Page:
THE Philippine Telegraph & Telephone Corp. (PT&T) expects to resume trading its 800 million common shares at the Philippine Stock Exchange (PSE) this year, following its compliance with the requirements set by the regulators.
The company said it has already completed all the prerequisites needed for the lifting of its trading suspension by the local bourse.
Trading of PT&T shares was voluntarily deferred since December 13, 2004. They were last traded on December 9, 2004, closing at P0.33 per share.
When the new investors took over early last year, they expressed to the PSE their desire to resume trading.
Their goal is to beef up PT&T’s ability to raise fresh capital for its planned expansion of its current broadband and data business, and possibly as the third major telco player.
“Having fulfilled the requirements set by the PSE, PT&T should be allowed to resume trading and enact future plans of the new shareholders and management team,” said Miguel Bitanga, COO of PT&T.
“Whether from a perspective of compliance to the PSE or based on purely economic/market-driven benefits, there should be no reason why the company should be prevented from bringing the publicly traded shares into play again, and eventually raising capital to fund future plans, both within and outside of the fixed broadband space,” he added.
The continuation of the public offering is deemed beneficial to consumers, employees and creditors.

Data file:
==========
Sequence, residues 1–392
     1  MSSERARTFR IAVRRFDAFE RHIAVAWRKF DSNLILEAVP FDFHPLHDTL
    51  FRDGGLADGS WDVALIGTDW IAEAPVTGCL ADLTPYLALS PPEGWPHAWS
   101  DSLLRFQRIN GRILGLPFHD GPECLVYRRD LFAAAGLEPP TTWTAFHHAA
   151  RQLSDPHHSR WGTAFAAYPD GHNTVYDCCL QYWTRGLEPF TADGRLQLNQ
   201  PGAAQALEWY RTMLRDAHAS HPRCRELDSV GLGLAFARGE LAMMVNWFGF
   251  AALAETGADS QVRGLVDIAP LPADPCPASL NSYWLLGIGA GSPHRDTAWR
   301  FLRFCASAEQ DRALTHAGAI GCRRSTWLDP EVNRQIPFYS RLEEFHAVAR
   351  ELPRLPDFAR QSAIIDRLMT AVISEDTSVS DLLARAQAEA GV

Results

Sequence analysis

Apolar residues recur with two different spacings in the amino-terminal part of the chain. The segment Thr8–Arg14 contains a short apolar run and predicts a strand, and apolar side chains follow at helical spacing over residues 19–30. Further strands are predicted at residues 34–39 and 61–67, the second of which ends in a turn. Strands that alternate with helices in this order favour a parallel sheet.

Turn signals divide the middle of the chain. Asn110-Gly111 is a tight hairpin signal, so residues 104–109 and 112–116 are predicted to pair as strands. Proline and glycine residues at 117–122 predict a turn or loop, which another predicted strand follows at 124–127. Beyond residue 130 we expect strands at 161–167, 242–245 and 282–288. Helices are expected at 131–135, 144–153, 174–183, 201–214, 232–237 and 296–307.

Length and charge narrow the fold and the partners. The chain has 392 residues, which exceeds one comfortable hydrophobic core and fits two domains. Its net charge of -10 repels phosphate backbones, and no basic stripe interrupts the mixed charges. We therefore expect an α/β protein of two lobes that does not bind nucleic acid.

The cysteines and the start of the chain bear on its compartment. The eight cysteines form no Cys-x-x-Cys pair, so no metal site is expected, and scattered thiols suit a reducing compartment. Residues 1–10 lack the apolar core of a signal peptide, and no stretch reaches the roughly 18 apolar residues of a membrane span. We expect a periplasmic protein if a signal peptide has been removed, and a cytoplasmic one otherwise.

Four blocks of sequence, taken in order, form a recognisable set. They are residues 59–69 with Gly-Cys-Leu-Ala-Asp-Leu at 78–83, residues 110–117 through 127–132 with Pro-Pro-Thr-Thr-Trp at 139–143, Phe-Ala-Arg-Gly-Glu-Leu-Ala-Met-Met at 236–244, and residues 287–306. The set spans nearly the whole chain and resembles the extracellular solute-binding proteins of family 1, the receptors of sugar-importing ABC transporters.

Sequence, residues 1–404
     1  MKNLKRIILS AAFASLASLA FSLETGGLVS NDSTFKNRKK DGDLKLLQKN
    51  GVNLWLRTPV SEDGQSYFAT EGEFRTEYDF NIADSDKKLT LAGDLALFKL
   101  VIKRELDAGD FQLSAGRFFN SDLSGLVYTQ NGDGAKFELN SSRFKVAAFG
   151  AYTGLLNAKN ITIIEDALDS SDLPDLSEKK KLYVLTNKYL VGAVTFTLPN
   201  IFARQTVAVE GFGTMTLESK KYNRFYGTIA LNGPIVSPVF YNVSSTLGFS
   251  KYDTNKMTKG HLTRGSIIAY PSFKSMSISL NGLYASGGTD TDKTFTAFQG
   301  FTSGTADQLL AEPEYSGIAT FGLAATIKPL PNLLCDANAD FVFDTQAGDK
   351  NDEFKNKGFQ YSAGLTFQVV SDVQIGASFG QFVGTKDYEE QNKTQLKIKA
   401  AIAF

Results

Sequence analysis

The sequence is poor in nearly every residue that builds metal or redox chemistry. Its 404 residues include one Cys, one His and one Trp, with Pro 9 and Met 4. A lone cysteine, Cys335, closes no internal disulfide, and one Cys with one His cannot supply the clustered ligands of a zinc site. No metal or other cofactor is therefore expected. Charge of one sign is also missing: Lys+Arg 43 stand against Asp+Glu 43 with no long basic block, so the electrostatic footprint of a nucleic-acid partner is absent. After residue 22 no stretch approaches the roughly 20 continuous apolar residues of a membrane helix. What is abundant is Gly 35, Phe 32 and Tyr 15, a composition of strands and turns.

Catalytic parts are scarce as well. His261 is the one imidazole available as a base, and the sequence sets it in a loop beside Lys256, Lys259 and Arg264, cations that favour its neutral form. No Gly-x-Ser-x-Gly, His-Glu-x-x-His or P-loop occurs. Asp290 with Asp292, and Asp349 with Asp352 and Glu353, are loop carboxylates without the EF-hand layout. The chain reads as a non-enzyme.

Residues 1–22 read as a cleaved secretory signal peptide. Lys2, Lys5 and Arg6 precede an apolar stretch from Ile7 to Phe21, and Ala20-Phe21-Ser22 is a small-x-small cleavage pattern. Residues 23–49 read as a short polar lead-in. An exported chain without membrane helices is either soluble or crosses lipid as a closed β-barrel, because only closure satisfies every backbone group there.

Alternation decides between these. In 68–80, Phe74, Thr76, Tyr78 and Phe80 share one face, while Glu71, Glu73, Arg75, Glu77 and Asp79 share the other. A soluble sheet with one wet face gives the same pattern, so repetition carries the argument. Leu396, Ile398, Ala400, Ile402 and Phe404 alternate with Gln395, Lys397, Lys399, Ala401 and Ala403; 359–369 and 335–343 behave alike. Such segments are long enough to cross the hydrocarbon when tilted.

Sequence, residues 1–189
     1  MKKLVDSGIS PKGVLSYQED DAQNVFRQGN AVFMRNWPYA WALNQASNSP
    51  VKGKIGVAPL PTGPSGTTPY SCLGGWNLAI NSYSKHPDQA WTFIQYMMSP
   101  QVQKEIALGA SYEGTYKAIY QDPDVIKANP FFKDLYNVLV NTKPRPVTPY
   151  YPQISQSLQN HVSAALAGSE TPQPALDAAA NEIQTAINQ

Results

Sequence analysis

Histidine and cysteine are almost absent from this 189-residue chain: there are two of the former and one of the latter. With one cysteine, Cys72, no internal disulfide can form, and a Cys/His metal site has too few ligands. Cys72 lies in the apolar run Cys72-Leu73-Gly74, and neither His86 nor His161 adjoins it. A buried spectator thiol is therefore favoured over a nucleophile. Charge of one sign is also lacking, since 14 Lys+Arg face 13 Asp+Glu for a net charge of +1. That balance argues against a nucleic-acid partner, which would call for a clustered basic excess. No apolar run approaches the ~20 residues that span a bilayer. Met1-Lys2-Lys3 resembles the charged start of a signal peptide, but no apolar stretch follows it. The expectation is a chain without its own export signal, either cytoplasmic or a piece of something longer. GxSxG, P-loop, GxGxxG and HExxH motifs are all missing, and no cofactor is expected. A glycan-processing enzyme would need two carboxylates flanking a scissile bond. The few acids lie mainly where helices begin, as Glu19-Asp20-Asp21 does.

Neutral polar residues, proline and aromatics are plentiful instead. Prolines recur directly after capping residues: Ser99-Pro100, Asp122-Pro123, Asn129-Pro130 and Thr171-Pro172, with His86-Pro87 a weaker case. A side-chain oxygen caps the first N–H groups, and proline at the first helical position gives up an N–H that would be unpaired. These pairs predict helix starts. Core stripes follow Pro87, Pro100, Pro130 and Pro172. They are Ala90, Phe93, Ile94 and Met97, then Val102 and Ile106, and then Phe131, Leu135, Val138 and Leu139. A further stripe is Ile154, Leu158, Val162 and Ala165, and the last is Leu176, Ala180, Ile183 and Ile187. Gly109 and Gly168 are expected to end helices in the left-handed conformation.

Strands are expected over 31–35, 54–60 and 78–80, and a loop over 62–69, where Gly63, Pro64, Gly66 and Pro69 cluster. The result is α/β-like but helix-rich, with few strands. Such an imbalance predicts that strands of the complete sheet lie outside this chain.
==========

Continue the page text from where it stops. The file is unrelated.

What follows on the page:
PT&T President and Chief Executive James G. Velasquez said the resumption of trading on the company’s shares would also boost PSE’s market capitalization by several billion pesos.
He said the volume traded is also something that would be beneficial to both the bourse and investing public.
The lifting of suspension, the top executive added, would allow the entry of new investors into PT&T for its bid to become the third telco player in the Philippine telecommunication industry.
Velasquez noted the firm has the underlying assets and existing business to support its shares, as well as competent management team and bullish growth prospect.
Denying their request to cancel the trading suspension would be detrimental to all creditors of PT&T, which recently secured approval from court to exit corporate rehabilitation, he said.
In August 2017, Menlo Capital Corp. (MCC) acquired significant interest in PT&T from Republic Telecommunications Holdings Inc.
MCC is co-owned by Nickel Asia Corp. Founder Salvador Zamora II and businessman Benjamin Bitanga.
Branch 66 of the Regional Trial Court in Makati City greenlighted on August 6 this year PT&T’s petition to be allowed to exit from rehabilitation subject to compliance with certain requirements in line with the court-approved Rehabilitation Plan.
Under this plan approved in 2011, the P8.8-billion debts from its creditors would be paid in redeemable serial preferred shares of PT&T.
For fiscal year ending June this year, PT&T reported a P37-billion net income from a net loss of P27 million in the same period last year.
Its net operating revenues amounted to P211 million for the 12 months ending June 30, 2018, or 55 percent higher than P136 million posted in the same period last year mainly due to additional clients.
PT&T holds a 25-year franchise, which allows the company to establish, maintain and operate both wired and wireless telecommunications systems for domestic and international communication in the Philippines.
Its existing, scalable network and infrastructure, spanning over 1,000 kilometers of pure fiber-optic cables, allow it to easily meet the network demands of customers in the Greater Manila Area, northern and southern Luzon and Cebu regions.
The company’s high-speed broadband service is available in the Greater Manila Area, Northern and Southern Luzon.